The rollout of the Healthcare.gov Obamacare exchange website (because right now talking about that is more gratifying than talking about the shutdown) has been universally regarded as a failure. The latest in this cyber-car crash is that the site is sending insurance companies duplicate sign-up forms, making it tough to determine how many people have actually enrolled.
At best, there are only 20,000 enrollees so far out of 17 million visitors, thanks to a repellant combination of glitches and sticker shock. Phil Klein makes an excellent point about how these initial failures could have long-term consequences for the law:
The success of Obamacare hinges on the exchanges being able to enroll enough young and healthy individuals to offset the cost of covering older and sicker patients, particularly those with pre-existing conditions.
Given that Americans with higher medical costs are more likely to endure an arduous enrollment process than healthier individuals, sustained technological problems could be devastating to the program.
Right now, there isn’t enough data available to say whether insurers are achieving the right mix of enrollees. In the past, administration officials have said that roughly 40 percent of the expected seven million enrollees need to be from the young and healthy demographic.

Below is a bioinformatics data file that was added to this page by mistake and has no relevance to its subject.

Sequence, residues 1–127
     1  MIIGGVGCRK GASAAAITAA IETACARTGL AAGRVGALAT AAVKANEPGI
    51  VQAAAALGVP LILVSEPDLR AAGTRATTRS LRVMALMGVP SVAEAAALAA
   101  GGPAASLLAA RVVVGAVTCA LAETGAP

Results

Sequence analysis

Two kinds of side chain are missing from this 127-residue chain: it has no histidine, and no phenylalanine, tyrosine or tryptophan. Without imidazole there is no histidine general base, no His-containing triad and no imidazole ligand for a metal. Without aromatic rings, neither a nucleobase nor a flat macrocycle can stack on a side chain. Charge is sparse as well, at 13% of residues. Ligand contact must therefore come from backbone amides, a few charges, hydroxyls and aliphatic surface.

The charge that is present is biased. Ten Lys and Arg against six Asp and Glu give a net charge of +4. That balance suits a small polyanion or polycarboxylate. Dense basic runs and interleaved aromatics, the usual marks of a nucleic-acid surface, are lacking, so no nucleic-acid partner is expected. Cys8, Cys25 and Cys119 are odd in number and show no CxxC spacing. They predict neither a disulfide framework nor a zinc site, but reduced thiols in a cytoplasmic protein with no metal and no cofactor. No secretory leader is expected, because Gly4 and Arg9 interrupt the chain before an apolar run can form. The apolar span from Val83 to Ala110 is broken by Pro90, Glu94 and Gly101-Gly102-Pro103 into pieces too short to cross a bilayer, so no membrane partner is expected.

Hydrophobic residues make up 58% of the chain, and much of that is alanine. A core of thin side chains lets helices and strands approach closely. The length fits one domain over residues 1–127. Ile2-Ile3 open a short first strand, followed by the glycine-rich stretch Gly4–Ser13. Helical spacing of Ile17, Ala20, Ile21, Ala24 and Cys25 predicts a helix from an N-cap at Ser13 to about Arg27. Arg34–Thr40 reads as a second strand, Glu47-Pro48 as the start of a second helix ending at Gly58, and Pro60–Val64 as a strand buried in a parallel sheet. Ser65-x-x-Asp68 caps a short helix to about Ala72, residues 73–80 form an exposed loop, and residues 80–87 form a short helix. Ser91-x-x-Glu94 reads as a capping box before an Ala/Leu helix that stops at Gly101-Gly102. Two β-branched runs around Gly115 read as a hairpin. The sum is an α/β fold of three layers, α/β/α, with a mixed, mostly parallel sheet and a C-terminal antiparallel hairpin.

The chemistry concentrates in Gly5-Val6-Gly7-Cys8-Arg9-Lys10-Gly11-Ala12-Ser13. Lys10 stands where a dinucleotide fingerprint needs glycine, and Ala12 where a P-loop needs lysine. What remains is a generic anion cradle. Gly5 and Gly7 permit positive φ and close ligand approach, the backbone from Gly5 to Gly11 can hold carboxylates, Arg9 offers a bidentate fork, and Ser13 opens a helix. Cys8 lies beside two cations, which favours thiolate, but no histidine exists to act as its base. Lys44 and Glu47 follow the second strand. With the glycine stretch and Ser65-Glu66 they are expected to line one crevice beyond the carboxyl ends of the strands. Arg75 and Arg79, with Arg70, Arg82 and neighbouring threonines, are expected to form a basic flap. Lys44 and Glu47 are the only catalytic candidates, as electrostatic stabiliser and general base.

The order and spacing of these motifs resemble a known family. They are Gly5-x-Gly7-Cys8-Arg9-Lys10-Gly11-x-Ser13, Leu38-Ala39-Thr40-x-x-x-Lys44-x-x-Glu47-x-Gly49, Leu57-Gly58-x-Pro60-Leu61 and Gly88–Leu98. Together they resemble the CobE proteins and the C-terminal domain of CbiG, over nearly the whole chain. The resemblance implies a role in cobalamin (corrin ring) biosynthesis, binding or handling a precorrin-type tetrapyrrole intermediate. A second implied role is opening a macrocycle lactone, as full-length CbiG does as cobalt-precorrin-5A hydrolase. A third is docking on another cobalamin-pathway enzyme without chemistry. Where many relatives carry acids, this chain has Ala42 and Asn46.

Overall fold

Even if we assume that 40 percent proportion is being met, that still means only 8,000 young people have signed up out of the needed 2.7 million. But as Phil says, such a youth enrollment rate is highly unlikely. Someone with a preexisting condition who requires frequent and expensive medical care will spend hours navigating an online thicket to get health insurance; someone who's young and rarely goes to the doctor won't.
In addition to the time disincentive, there's also the price disincentive. Next year, the fee for a young person who doesn't buy health insurance is $95 per person—and that's assuming the IRS decides it's in a punitive mood. The fee does rise to $695 by 2016, but it's still cheaper than paying for health insurance that costs hundreds of dollars per month. And all this is assuming that Congress doesn't compel the Obama administration to delay the individual mandate.
Democrats have been caterwauling that some conservatives are trying to depress youth enrollment and sabotage Obamacare. Turns out Obamacare is doing a perfectly good job of sabotaging itself, thank you very much.